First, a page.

Beaming from the current cover of Sports Illustrated are the faces of five potential young Olympians. Well, not so young: Magic Johnson, Michael Jordan, Charles Barkley, Patrick Ewing and Karl Malone. Take a ride on that, Suriname. The American basketball team is turning pro in 1992 and the Pistons' Chuck Daly will be the head coach. USA! USA! USA!
In the accompanying story, an excited profile of a "red, white and blue dream team," we are invited to imagine what a marketing vehicle the Olympics would make for Magic and Air Jordan. "This is the 1990s, after all," explains the author, "and millionaire pro athletes cannot be expected to give up 2 1/2 months of their free time to play for the Olympic stipend of zip, zilch, nada."
Leave it to Larry Bird to pluck the only string in a tuba recital. "The Olympics are for young guys," Bird said simply, eliminating himself. "I'd hate to take something away from a young kid."
The Olympics used to be for kids. Every four years, as the Olympic wok goes cold, the children of the world, the awakening generation, are challenged to convene in another place. But usually it is Carl Lewis, Edwin Moses and Greg Louganis who show up.
Because of money and television -- the roots of practically everything in sports -- the Olympics have become a pro career. A good tour is four or five quadrennials plus a stint on special teams, pushing bobsleds off mountains a la Willie Davenport. If you think George Foreman looks forlorn in his anachronistic quest for the modern money, consider that, 19 years after his time, Mark Spitz is back in the deep end.
Each Olympic sport operates under its own definition of professionalism. Track and field maintains a pretext of innocence by laundering the payoffs through a system of "trust funds" that really are nothing more than checking accounts. Figure skating has worded its regulations to let in certain ice show headliners while leaving out Frick and Frack. Soccer observes a maximum age of 23. Whatever the tennis rules may be, Steffi Graf is on a seven-year winning streak.
Having dropped a total of two basketball games in Olympic history, the U.S. naturally has been frantic to get the NBA into the contest. When John Thompson's collegians lost only to the Soviet Union last time in Seoul (circumstantially winning the bronze medal), the home front was inconsolable. To the jingoists, Thompson represented a kind of Alger Hiss of the hardwood whose incriminating papers were found not in a pumpkin but in a basketball.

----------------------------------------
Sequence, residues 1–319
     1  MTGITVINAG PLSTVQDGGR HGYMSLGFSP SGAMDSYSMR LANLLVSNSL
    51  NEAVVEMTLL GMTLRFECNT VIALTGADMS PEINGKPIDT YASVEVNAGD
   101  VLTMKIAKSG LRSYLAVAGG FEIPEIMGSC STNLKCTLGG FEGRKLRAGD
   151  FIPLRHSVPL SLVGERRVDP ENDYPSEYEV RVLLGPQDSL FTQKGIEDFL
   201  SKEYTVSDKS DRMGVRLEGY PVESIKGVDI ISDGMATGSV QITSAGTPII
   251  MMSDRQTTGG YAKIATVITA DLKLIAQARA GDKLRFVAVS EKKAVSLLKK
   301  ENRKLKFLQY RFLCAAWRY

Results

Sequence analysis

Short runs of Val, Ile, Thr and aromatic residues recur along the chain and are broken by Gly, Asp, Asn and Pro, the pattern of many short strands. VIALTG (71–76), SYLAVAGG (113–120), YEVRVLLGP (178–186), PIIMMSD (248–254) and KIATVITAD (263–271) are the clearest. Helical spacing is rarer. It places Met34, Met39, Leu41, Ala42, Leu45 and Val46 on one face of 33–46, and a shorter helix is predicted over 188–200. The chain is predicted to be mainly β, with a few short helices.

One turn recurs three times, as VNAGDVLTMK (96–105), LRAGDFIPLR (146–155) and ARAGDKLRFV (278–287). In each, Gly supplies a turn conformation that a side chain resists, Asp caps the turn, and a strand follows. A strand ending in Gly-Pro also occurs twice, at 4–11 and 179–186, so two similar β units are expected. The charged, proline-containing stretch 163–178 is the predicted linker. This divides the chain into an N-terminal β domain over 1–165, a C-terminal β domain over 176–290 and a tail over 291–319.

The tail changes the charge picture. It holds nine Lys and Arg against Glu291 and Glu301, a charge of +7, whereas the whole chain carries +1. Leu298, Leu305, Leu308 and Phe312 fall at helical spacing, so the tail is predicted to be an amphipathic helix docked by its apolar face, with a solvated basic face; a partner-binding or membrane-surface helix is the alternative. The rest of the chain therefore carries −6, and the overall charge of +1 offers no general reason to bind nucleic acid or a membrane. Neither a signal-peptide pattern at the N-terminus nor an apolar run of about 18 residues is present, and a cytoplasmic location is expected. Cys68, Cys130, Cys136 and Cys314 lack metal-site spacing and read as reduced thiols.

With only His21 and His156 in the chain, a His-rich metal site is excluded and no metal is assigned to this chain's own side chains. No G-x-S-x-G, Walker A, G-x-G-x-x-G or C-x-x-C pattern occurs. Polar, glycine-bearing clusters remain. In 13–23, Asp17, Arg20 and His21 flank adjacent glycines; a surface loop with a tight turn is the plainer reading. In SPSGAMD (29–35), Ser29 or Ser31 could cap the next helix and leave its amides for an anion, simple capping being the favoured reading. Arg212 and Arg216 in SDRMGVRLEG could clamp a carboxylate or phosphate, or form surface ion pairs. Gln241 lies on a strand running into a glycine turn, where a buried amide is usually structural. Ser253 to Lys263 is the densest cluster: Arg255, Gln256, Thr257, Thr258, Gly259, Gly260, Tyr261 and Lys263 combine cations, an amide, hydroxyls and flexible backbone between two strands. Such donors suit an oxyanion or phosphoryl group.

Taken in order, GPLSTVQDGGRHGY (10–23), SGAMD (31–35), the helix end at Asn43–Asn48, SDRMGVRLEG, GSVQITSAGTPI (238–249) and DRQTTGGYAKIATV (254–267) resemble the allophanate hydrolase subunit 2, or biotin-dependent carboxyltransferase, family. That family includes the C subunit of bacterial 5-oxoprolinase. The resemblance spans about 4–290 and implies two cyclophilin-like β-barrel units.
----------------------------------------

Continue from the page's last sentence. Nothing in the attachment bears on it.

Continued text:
Lost in all the black crepe was the fact it was a beautiful tournament with an appealing winner. Alexander Gomelsky, the grandfatherly Soviet coach, thanked the Americans for inventing the game he loves. At the mention of Lakers and Bulls on the horizon, he smiled magnificently and said in perfectly imperfect English: "I am basketball man. I think is good. I know Larry Bird, Magic Johnson and Michael Jordan is not possible to beat this year. Maybe after 10 years is possible."
In 1960, U.S. Olympic Coach Pete Newell hadn't the heart to play both Oscar Robertson and Jerry West in the same backcourt. So he employed Robertson at forward, and still their closest games were 40 points. Unable to enjoy winning that way, Newell set out with a squadron of colleagues to change the universe.
They journeyed to Eastern Europe, the Far East, Africa, everywhere, presenting clinics on pressure defense and the pick-and-roll. Henry Iba, who coached gold medal teams in Tokyo (1964) and Mexico City (1968), did not enjoy losing to the Soviets in Munich in 1972. Especially considering the strange circumstance: a confusing finish peppered with multiple endings. But Iba had a certain consolation. He had been one of the missionaries. The plan to teach the world how to play was working.
When Brazil trimmed the Yanks at the 1987 Pan Am Games in Indianapolis -- fundamentally because Louisville Coach Denny Crum was just getting around to an understanding of the three-point shot -- America gasped and gagged. But Newell didn't. He smiled. Brazil had a star named Oskar.
Johnson, Jordan, Barkley, Ewing, Malone, David Robinson, Joe Dumars, Clyde Drexler, Chris Mullin and three amateurs will make a hell of a club, but it won't be the red, white and blue dream team of Barcelona. The real dreamers won't make it on TV. They'll be in the sports nobody cares about. They're practicing now.
In a basement somewhere, a canoeist has converted a small coal bin into a stagnant river. He's crouched on one knee, interminably paddling nowhere. The sloshing is a night sound of the neighborhood, a beguiling mystery to the neighbors. A roller skate wedged beneath his forward foot simulates the rocking of the boat.
Old mirrors of every shape, rescued from dressers and garage sales, are suspended all around him. In their reflections, his technique can be checked against the home movies he has taken of Romanians and Swedes.
He can't win and he doesn't even know about merchandising.
He's just a hero.